Sabean bothered Cousins didn't take clear path

Sabean bothered Cousins didn't take clear path

Sabean bothered Cousins didn't take clear path
MILWAUKEE -- Giants general manager Brian Sabean said Friday he was bothered that Scott Cousins didn't take the clear path to the plate instead of crashing into Buster Posey and likely ending his season, but said he did not consider it a dirty play.

Meanwhile, manager Bruce Bochy met with the team before its game with the Milwaukee Brewers to discuss playing without its star catcher.

Sabean, making his first comments on the matter, said he would wait a couple of days before deciding whether to call Joe Torre, MLB's executive vice president of baseball operations, to discuss the issue in terms of changing rules about plays at the plate.

"The thing that bothers me is [Cousins] had a clear path where he could have gone to the plate," Sabean said about the play that resulted in Posey suffering a broken left leg and torn ligaments in his left ankle.

"In my estimation, he would have been safe, too," Sabean said. "But there's adrenaline involved -- the kid's an athlete. He had speed on his side."

Replays show that Posey was standing in front of the plate, and it appeared that Cousins could have slid into the plate without causing a collision.

"He wasn't blocking the plate," Sabean said of Posey. "[Cousins] was making comments that suggest it was premeditated. He chose to have a collision."

Sabean, though, said he wouldn't term it a dirty play.

"I think the reason he chose that path [was] because he wanted to be sure he could dislodge the ball," he said. "Apparently, in his mind, he didn't see the lane or he didn't think he'd be safe. He's a young kid -- he's from San Francisco -- just called up to the big leagues. I have a hard time thinking he was trying to do anything to injure anybody."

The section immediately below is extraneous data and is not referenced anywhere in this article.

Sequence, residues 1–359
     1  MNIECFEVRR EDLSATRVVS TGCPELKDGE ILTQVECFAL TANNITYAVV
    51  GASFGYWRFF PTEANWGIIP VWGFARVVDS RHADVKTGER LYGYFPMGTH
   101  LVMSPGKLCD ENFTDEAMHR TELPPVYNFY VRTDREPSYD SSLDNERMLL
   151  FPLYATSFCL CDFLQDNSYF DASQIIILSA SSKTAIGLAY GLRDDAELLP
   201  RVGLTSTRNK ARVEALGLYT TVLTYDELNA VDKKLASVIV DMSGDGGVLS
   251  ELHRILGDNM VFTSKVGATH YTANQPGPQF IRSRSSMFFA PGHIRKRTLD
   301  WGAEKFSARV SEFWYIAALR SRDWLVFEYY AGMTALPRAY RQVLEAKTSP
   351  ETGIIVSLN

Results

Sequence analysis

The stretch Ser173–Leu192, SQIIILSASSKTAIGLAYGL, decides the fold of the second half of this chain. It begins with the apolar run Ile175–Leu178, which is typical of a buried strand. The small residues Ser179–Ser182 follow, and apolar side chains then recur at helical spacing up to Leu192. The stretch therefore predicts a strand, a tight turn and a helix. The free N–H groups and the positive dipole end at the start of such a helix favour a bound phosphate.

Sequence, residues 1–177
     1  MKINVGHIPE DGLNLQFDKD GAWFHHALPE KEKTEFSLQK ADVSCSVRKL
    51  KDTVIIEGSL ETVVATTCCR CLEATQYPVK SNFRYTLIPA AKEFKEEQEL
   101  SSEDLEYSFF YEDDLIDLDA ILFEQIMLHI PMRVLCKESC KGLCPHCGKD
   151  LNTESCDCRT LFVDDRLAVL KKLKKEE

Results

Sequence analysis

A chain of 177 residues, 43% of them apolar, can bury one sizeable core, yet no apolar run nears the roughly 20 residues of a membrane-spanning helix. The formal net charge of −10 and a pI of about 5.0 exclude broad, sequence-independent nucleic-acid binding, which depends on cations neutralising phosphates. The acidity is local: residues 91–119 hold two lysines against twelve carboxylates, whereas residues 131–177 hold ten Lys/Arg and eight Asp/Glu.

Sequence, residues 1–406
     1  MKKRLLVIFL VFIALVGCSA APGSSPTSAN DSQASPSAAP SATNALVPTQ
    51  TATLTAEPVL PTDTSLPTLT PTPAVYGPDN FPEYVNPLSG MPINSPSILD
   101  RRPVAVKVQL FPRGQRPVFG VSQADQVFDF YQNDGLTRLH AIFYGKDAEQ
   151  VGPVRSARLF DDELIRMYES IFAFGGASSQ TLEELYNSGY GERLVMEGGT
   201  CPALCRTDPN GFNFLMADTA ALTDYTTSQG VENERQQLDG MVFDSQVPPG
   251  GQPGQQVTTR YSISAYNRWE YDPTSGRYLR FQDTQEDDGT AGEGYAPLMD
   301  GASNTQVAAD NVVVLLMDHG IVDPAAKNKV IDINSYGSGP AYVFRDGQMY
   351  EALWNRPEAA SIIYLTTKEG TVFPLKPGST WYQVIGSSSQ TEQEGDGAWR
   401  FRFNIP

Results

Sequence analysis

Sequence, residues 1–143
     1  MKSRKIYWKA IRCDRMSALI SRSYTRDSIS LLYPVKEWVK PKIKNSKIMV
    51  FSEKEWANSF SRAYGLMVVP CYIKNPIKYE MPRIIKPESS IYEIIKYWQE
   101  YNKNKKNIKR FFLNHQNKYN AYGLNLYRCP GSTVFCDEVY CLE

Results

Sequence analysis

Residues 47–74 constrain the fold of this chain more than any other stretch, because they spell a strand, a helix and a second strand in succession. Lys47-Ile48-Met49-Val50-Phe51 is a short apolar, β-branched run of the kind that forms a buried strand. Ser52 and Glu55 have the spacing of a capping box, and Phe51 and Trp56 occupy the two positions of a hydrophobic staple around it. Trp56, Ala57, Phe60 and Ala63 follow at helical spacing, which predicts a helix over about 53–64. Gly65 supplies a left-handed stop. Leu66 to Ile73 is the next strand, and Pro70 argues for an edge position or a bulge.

Sabean said he talked to Bochy and they decided to wait a couple of days to decide whether to call Torre so they could "take the emotion out" of the issue. He noted that baseball "cleaned up" rules about body rolling and taking out infielders at second base, but not rules about plays at the plate.

"Unfortunately, it's a very vulnerable situation," Sabean said. "Boch said it best, 'These athletes are bigger and stronger and faster. Catchers are vulnerable.' You hope that something doesn't happen.

"That was my biggest fear, that he had hurt his upper body, or more so his head and neck," he said. "As it turned out, the replays indicate he rolled over that ankle and that was the injury. He was in instant pain."

Meanwhile, Bochy held a pregame meeting to talk about forging on without Posey. The team had Posey's No. 28 jersey hanging in an empty stall at Miller Park between the lockers of Tim Lincecum and Sergio Romo.

"There will be questions about how good we will be without Buster, and we have to answer that question," Bochy said. "Really, you can't control what happens on the field, but we can control how we respond. It's important that we respond the right way, and that's to keep fighting."

Veterans like Aubrey Huff and Pat Burrell have struggled. When asked whether those two players need to "get going," Bochy said they do.

"These guys have been through it, they're experienced," he said. "Their ability to drive in runs is what we need right now. They have a history of doing it. Those are the guys you lean on when you lose two of your best hitters, Pablo [Sandoval] and Buster."

Sandoval is on the disabled list recovering from a broken bone in his right hand. He is with the team and took practice swings for the second consecutive day with a coach tossing him the ball underhanded.

Joe DiGiovanni is a contributor to MLB.com. This story was not subject to the approval of Major League Baseball or its clubs.